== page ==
I met a really cool Swedish/British Girl called Johanna on the way to Bangkok who lives in Thailand most of the year, and teaches in England in the summer to fund it all. She has several young lovers in Thailand, and is really funny with her crazy Swedish, English Accent. We arrived in Thailand at 5.30am, and I didn't grope the drivers boobs once. Score. I found a hostel and slept. for a few hours, rather than going out and getting my visa for Myanmar, which was stupid because the next morning, my last possible day to get it, it started raining like a bitch five minutes before I was supposed to leave the hotel. This was the fourth possible day I could have done it, and the only day that it rained. So instead of getting a boat down to the embassy which is near Little Arabia & the ex-pat district, I had to pay a taxi. It was a fun ride though, and I realised its only the first time I've ever left Koh San Road, haha.

Johanna introduced me to a British girl from Leeds called Alison who was part gypsy, and a cool guy from Malaysia who was in Thailand for the day buying replica guns and army gear. He'd been in Cambodia doing the same thing before that, and I'm slightly convinced he was part of some Islamic Insurgency movement in Malaysia, but he was so lovely and sweet that I don't really mind. Johanna gallavanted off to her young lovers arms in Phuket, and me, Ali and Fonzi (Malay Terrorist Dude) went for some drinks and food.

The next morning, I got up early, with the rain, and got my arse down to the embassy for my visa. The Buddhist retreat was good in some ways, but it really sorted out my body clock I think. I was at the embassy by 9.20am! The embassy was a bit of a state, and the chairs looked like they belonged in a doctor's waiting room. A council estate doctors waiting room. I was in and out in about fifteen minutes, and had to hang around this end of Bangkok for the day before collecting my passport at 3pm. I bought a Skytrain dayrider and took some rides on that, which was great. It's really easy to navigate. I went for a long walk in the African section, couldn't find any African food. Found an Egyptian restaurant which was full of men with big beards smoking sheesha and had some great lamb. It came with a plate of pickles and veggies which I didn't really know what to do with, but the music was good, and so was the decorations.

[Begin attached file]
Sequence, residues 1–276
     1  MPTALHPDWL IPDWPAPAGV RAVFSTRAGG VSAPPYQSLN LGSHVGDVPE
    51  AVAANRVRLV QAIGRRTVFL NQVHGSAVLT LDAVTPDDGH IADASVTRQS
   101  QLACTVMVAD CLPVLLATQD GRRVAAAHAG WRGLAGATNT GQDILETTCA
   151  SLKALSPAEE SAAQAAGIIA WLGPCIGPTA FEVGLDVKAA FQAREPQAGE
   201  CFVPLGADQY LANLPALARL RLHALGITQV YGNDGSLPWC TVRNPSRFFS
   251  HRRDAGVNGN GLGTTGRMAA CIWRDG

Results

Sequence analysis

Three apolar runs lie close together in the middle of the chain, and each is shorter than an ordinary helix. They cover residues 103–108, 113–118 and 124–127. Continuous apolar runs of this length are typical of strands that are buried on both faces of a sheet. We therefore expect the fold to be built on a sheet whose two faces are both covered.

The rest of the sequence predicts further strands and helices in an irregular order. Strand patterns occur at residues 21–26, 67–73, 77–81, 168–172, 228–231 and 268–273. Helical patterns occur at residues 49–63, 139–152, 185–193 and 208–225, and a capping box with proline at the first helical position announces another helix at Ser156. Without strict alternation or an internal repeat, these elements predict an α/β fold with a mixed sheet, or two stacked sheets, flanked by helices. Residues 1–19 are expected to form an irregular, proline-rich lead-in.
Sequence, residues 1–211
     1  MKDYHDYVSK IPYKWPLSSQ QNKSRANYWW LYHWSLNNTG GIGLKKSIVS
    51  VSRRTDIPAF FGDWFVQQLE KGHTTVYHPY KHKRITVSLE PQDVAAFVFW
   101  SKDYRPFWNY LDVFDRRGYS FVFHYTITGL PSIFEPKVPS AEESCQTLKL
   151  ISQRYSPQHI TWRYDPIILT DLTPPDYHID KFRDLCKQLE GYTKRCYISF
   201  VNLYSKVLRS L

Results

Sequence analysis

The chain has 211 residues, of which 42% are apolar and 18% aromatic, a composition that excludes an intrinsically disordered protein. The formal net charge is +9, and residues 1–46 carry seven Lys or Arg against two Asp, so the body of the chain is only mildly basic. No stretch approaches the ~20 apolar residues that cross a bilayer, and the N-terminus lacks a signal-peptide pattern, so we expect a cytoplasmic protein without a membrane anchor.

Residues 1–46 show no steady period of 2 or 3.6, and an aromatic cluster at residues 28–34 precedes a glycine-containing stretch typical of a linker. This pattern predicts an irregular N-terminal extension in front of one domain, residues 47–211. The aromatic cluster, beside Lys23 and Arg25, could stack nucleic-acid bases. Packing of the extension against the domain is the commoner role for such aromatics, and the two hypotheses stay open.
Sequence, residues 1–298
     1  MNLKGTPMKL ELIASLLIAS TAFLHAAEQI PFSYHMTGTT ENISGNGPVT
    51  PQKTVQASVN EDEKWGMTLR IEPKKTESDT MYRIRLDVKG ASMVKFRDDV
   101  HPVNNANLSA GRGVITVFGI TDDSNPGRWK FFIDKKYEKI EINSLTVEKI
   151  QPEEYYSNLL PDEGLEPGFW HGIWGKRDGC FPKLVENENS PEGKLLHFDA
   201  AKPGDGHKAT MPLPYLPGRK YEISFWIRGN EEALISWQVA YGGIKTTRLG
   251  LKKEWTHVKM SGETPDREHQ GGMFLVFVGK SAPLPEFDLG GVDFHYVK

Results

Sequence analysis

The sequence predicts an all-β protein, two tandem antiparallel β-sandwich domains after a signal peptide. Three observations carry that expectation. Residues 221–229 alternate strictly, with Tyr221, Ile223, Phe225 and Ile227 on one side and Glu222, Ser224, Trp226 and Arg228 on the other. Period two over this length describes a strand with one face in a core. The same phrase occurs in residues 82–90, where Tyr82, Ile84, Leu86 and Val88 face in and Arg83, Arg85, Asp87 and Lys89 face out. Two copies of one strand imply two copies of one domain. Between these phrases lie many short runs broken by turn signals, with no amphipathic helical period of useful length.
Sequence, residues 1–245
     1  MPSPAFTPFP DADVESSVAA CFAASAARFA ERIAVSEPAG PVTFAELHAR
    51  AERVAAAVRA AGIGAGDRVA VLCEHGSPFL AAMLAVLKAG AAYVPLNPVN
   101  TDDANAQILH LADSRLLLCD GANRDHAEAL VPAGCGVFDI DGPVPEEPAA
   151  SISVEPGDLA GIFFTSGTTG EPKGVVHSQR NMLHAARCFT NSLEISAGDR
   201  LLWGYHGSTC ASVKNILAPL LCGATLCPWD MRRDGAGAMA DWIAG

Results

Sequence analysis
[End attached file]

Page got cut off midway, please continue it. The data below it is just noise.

I collected my passport and had my visa all ready to go, and took a motorbike taxi back to Koh San. That was the highlight of my day, and I was so scared I was shaking when I got off the bike and handed the driver the money. He kept driving in between buses that were pulling out, and they had to jam on their breaks and driving so close to the buses when they were accelerating and then overtaking alongside them without sounding his horn. I was laughing because I thought we were gonna die, so he kept driving faster and more and more dangerously! It was my favourite part of being in Bangkok so far, it was awesome and I vow to never take a tuk-tuk again!

I spent the next day talking mainly to an American girl I met who'd just come back from Burma, so she told me where to go, and good places to stay. I took the bus to the airport about 7pm, realised I still hadn't bought any dollars (Burma has *no* cash machines at all) and bought them there at a terrible rate at the airport instead. I found a quiet spot, which was also about minus 5 degrees, got wrapped up in my new hoody and slept until about 3am. Then it was time to board ANOTHER AirAsia flight, but this time to Myanmar!!

Chiang Mai was lovely, really chilled, lots to do, if you want, and apart from being too cold at night, dead, dead good! Hopefully, after Myanmar, I'll have time to get over there!